At the culmination of the Summer Research Institute, the scholars travel to a regional conference. In July, they attended the 18th annual University at Buffalo McNair Research Conference in Niagara Falls, N.Y., to present their research results to about 400 other McNair Scholars.

Four BGSU McNair seniors also presented their research at the third annual Claremont Graduate University McNair Research Conference in Claremont, Calif., Oct. 4-7. Nijya Saffo presented a poster, while Patrice Wiley, Desirea Jones, and Ashley Brown gave oral panel presentations.

"McNair has given me an opportunity to explore the world around me through research," said Brown, a psychology major minoring in communications minor, from Detroit.

Jones is a health science major from Columbus, Ohio, specializing in pre-occupational therapy.

Saffo, from Pataskala, Ohio, who is majoring in athletic training and pre-physical therapy, said, "McNair has shaped my career choice of physical therapy by giving me networking opportunities and providing me with the knowledge to be successful in graduate school."

Wiley, a psychology major and sociology minor from Southfield, Mich., examined romantic relationships by gender and race. She used pre-existing national survey data to see whether relationship values differed. They did. For instance, African-Americans valued financial stability more highly, while Asians valued love less highly.

"The New York and California conferences were amazing," Wiley said. "McNair allows us to experience opportunities that we never would have thought possible as undergraduate students. Presenting in front of our peers and professionals in our fields was nerve-racking but also uplifting because McNair prepared us extremely well to be informative and efficient in presenting our research."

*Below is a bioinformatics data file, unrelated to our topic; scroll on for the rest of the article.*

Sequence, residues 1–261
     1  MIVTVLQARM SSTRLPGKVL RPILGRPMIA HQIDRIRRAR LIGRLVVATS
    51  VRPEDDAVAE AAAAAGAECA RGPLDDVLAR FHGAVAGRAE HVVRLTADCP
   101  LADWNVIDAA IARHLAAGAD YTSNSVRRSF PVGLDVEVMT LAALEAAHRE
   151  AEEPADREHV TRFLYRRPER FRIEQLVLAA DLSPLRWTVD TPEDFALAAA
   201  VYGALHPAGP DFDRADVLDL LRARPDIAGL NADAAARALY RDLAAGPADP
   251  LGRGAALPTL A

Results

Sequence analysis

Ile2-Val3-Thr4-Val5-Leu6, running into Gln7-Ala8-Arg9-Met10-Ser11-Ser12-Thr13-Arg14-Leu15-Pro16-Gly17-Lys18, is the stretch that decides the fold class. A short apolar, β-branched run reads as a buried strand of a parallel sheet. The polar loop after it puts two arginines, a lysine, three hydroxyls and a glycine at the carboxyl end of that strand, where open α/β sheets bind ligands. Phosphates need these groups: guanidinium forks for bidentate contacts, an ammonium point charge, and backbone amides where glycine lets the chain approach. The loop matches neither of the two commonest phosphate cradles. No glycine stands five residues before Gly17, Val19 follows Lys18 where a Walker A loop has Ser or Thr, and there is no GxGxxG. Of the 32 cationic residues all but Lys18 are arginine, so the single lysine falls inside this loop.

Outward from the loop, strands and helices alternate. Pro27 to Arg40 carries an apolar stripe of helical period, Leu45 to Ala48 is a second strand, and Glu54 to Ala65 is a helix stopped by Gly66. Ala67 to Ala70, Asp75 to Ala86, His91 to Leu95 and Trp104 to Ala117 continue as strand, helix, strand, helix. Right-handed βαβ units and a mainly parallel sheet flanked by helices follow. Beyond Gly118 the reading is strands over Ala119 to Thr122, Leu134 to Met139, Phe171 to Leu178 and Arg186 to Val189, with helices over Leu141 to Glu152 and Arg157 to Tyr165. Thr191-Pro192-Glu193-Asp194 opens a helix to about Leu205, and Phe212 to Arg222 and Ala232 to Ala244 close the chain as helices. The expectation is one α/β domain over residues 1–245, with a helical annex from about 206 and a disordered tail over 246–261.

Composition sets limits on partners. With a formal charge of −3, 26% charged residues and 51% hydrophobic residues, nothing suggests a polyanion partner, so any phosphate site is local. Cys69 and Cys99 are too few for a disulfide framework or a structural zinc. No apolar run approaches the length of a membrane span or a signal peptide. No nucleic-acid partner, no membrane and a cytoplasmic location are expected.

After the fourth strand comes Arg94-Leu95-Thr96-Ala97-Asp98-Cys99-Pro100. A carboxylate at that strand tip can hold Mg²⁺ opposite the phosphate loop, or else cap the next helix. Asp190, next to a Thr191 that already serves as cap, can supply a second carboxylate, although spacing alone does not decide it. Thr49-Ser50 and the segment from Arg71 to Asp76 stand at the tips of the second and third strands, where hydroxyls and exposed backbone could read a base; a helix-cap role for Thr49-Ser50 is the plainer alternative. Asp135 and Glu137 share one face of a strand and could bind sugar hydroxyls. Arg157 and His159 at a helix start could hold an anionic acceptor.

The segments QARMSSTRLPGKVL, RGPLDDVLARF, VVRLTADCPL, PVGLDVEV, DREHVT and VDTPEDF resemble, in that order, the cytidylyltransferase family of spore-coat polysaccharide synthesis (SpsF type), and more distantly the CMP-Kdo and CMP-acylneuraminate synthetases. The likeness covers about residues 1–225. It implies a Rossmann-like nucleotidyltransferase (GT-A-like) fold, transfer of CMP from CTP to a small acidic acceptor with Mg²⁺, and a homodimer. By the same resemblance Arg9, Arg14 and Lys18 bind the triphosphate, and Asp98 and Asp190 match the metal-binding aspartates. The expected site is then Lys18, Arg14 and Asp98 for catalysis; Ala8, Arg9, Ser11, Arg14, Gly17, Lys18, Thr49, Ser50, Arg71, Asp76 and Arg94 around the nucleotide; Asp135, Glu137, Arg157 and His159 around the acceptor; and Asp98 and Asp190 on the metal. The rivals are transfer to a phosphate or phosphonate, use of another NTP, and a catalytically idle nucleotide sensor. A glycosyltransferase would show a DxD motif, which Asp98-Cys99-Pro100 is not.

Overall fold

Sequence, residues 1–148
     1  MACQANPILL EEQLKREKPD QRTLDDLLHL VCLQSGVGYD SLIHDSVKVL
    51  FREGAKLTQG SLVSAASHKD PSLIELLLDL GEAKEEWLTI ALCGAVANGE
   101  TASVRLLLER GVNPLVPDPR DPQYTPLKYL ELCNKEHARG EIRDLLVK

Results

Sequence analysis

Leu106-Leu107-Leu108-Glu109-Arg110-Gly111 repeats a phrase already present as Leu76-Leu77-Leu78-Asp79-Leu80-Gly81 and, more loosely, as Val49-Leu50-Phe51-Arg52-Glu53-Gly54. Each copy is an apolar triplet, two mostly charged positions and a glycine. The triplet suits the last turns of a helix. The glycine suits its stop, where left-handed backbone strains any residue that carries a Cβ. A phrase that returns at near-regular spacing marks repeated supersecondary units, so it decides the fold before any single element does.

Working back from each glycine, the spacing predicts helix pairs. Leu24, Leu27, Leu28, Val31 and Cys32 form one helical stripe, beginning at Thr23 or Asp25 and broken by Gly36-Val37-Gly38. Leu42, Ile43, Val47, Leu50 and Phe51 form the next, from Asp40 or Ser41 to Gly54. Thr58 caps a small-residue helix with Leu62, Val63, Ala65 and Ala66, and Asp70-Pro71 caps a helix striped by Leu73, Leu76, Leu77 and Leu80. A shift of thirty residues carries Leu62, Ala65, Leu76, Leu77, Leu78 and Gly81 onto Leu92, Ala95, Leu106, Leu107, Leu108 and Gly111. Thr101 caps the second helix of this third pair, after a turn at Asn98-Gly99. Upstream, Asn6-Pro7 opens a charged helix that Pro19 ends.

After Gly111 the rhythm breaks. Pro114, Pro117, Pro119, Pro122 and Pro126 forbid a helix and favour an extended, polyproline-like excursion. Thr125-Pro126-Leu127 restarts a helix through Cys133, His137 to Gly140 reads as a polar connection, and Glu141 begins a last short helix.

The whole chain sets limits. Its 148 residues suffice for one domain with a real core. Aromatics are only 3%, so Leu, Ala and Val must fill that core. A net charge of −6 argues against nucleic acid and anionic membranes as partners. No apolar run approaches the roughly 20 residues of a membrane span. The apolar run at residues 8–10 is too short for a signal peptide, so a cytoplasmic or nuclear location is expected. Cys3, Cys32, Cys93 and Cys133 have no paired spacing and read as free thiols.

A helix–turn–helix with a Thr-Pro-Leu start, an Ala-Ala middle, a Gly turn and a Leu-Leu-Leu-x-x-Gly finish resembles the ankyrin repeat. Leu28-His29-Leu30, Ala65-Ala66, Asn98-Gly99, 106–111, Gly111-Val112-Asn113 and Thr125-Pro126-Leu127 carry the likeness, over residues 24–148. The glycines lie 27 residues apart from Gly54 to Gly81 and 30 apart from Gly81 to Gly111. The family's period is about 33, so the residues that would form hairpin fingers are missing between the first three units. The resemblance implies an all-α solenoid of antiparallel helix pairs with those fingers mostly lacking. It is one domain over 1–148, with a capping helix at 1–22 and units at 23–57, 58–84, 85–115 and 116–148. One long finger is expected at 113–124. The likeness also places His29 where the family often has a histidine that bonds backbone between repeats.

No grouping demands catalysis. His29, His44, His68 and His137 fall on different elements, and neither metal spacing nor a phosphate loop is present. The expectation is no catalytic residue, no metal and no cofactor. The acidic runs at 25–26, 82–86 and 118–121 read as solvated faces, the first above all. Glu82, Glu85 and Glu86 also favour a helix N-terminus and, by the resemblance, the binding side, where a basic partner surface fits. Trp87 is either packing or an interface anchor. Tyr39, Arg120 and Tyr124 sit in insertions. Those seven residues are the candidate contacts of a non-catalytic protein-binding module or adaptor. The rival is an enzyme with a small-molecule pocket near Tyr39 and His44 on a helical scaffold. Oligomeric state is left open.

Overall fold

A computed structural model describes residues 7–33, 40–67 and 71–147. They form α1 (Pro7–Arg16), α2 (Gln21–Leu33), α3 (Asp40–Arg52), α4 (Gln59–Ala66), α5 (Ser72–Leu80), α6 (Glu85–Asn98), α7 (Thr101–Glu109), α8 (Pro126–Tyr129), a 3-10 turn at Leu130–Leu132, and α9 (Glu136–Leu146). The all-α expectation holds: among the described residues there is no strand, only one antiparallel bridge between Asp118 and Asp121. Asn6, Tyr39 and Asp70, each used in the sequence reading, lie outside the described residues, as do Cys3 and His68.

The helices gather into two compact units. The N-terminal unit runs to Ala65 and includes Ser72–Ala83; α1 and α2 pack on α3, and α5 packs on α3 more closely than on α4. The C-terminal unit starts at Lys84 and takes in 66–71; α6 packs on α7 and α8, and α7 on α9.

Upward Bound, at BGSU since the early 1970s, provides a similar academic preparation program. Last summer, more than 70 Toledo Public Schools students participated in Upward Bound's six-week residential learning community at BGSU to get a taste of college life. Many of these students chose to attend BGSU, and have benefitted academically from the intensive college preparation, advising and counseling provided by the program.

"In keeping with the national agenda to increase the number of students who complete high school and are prepared for college, the Upward Bound grant is a way in which the University is doing its part to make sure the most economically challenged students in the Toledo area have access to and are ready for college," said Childs.

Over the last five years, more than 80 percent of Upward Bound graduates continued to college, and 87.5 percent achieved proficiency on Ohio's high school graduation tests.

"Being awarded these grants further demonstrates the University's commitment to providing educational opportunity to students and their families," said Childs.

Collectively, TRIO programs represent the largest federally funded area on campus, having been awarded grants totaling approximately $7.5 million over the past five years. In addition to Upward Bound and McNair Scholars, BGSU hosts two other TRIO programs.

Student Success Services (SSS), which received a $2.9 million grant, provides academic advising, career counseling, tutoring, and other services to 350 undergraduates a year to aid in student success and retention. Last year more than 85 percent of SSS students planned to return to BGSU, exceeding the university-wide rate.

The fourth program, Educational Talent Search, receives $1.7 in federal funding, and works with 740 middle-school through high school students yearly to encourage high school completion and college enrollment.

Together, the TRIO Programs constitute a "pipeline for success, seamlessly assisting students from middle school to college to graduate school," said Tracy Tabaczynski, assistant director of the McNair Scholars Program.

Ashley Strickland, who graduated from BGSU this year, is an example of this pipeline. Strickland started in TRIO's Educational Talent Search as a sixth-grader in the Toledo Public School system, participated in BGSU's McNair Scholar Program, and is now pursuing a master's degree in social work at Washington University in St. Louis, Mo.